Requires turning attention towards oneself. If you are mentally “fixing’ that other person in yoga class, you are compromising the benefit of the class for yourself. (However, acts of kindness are known to generate goodwill and, in a yoga class, may prevent injury for another.)
There is a sense of receiving. A quality of surrender is innate to feeling cared for. Allowing yourself the vulnerability to allow change towards relaxation and rejuvenation is a kind of curiosity in being re-newed, or new again, whether you are gently massaging your own arm or a masseuse is.
Motivation increases. The more you care for yourself in a balanced approach, the more you want to continue.
Feels selfless. Any act of generosity towards yourself which cultivates and refines your sense of well being is nothing to feel proud about or guilty of because you are not “accomplishing” anything. It is important to thank oneself for self-care taking. Gratitude to oneself gets naturally generated as generosity out into the world.
The benefits are cumulative. You continue to feel increasingly better overall as you continue to practice.
The effects are positive. You feel restored, re-energized, calmer. Though, sometimes, like during a detox diet, fatigue, stress and/or toxins stored in the body can come to the surface as they are moving out of our body. The same is true for emotions. Healing is rarely comfortable or convenient. But it is better in the long run to have what you don’t want influencing your physiology or your sanity coming out rather than going deeper in, where it is harder to resolve later.
Inspires engagement with life beyond oneself. A self-care practice can be over-done. Over exercise, over dieting, obsessing on emotions, often leave one exhausted, depleted, isolated, emotionally fragile. If your only interest is in “taking care of yourself”, you might be missing time to expressing your vitality in interests outside yourself. Balanced self-care is intended to move us beyond excess self-preoccupation. (Obviously, necessary exceptions would be if one is going through an intense personal challenge like chemo, surgery, a loss or trauma.)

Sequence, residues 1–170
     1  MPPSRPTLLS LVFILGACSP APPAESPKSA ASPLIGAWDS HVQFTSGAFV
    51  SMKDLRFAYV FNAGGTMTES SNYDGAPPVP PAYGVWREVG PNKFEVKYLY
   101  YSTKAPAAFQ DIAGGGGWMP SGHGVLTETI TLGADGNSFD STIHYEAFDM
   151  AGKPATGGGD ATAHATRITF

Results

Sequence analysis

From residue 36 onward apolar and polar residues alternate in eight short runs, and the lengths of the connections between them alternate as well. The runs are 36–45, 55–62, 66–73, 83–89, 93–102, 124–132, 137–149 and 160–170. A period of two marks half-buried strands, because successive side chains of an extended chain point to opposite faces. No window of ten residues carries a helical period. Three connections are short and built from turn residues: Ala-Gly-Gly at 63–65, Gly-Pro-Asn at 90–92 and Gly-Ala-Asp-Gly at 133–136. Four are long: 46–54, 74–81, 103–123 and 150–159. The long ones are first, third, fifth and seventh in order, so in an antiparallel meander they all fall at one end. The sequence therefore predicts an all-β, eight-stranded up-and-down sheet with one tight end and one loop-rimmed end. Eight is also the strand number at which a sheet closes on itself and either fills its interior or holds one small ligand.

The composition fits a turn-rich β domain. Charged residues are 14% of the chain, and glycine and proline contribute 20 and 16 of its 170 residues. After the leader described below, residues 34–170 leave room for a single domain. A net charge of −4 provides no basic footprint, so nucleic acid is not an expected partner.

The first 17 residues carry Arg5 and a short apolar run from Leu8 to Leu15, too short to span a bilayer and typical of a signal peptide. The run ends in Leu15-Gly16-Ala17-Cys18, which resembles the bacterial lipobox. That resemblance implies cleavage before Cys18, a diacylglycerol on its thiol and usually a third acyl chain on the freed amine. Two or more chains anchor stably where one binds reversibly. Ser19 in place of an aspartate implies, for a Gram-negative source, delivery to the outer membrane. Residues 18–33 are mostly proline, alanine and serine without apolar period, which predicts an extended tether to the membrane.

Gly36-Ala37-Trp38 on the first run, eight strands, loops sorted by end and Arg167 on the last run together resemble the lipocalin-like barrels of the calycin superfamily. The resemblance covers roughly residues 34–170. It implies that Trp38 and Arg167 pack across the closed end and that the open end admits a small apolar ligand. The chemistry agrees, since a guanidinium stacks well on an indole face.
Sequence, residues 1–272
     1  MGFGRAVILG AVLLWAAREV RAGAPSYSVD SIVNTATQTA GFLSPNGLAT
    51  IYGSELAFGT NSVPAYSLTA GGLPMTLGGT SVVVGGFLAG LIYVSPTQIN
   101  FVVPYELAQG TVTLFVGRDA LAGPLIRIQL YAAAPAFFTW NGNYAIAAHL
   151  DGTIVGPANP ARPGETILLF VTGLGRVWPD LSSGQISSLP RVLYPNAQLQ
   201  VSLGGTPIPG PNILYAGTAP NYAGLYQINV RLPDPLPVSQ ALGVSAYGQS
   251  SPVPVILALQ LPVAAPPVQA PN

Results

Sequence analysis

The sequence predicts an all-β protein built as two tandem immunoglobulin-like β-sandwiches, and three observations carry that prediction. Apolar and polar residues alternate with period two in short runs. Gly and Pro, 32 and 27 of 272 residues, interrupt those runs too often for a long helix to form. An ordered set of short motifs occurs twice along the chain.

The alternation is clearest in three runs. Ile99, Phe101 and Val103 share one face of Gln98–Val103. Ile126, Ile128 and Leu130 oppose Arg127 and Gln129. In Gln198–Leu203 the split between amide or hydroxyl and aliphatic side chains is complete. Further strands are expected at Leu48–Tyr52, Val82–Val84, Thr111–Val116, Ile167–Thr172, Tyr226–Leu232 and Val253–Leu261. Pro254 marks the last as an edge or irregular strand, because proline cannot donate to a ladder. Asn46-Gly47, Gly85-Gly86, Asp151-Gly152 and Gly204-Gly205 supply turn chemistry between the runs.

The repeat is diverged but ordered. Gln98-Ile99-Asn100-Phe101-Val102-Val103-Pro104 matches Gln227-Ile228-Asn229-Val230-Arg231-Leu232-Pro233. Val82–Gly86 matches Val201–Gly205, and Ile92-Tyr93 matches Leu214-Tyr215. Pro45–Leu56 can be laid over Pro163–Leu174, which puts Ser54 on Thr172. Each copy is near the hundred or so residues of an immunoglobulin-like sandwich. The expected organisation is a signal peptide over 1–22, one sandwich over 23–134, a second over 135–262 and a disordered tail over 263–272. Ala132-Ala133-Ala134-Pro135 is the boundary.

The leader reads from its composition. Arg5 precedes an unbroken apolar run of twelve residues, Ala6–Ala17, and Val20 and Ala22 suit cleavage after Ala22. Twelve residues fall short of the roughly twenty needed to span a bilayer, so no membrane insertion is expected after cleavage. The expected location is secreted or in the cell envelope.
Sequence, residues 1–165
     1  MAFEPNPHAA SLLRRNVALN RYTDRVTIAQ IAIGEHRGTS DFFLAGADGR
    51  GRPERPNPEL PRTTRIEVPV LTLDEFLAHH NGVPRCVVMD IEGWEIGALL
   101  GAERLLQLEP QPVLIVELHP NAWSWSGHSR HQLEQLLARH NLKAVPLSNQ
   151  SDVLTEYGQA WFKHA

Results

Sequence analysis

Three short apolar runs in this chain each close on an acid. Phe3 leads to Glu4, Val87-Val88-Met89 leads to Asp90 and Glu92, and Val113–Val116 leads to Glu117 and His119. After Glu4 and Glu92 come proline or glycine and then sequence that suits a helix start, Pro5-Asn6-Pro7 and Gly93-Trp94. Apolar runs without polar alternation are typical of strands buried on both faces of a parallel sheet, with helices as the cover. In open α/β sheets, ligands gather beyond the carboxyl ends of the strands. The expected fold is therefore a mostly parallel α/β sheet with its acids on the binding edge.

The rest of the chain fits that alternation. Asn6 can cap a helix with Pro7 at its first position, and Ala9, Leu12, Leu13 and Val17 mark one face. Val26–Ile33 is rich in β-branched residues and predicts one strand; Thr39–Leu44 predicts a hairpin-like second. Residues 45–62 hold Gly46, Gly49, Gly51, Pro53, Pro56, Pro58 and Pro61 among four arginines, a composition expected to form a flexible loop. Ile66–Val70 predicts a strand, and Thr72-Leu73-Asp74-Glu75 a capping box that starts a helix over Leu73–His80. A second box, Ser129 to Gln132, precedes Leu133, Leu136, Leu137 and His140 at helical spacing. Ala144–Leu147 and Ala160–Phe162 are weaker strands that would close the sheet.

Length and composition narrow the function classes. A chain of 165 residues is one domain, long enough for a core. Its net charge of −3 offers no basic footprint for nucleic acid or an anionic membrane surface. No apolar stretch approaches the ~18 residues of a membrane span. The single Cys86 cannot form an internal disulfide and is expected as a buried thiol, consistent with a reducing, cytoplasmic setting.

Moves you in the direction of timeless experience. When our Body, Thoughts and Emotions, and Spirit relax and unify into a sense of flow beyond the concerns of the to-do list, schedules and goals, our nervous system activates a big reset and we typically come out of the experience feeling deeply renewed and energized.
A variety of practices that compliment one another. Our Body, Mind and Spirit are all interrelated aspects of all of who we are. Include for yourself a balance of practices which care for each aspect. For me: Body/diet, yoga and trail running; Mind & Emotion/my men’s group and trusted friends; Spirit/time in nature. Meditation and Jin Shin Jyutsu are two practices which are integrative of all aspects. If I take care of only my physical self and not my thought and emotional self, my mental stresses will continue to show up in my body and bring down my spirits.
Includes community connection and enrichment. Balanced with the degree of solitude which is right for you, having the support and encouragement of others engaged in the same practice provides a reliable forum, a fire to gather together around. Plus, if it is a class, following a teacher’s instructions enhances the receptivity we often forget while engaged in an otherwise hectic life.
You don’t need LSD to Turn on, Tune in and Drop out. But the high that can be produced by artful caring for yourself and the joy others can experience from being with you can be much more lasting as longevity of your body, happiness in your soul, and compassion for self and others.
Now go share your inspiration with your practitioners. You do want to be cared for by someone who cares for themselves, don’t you?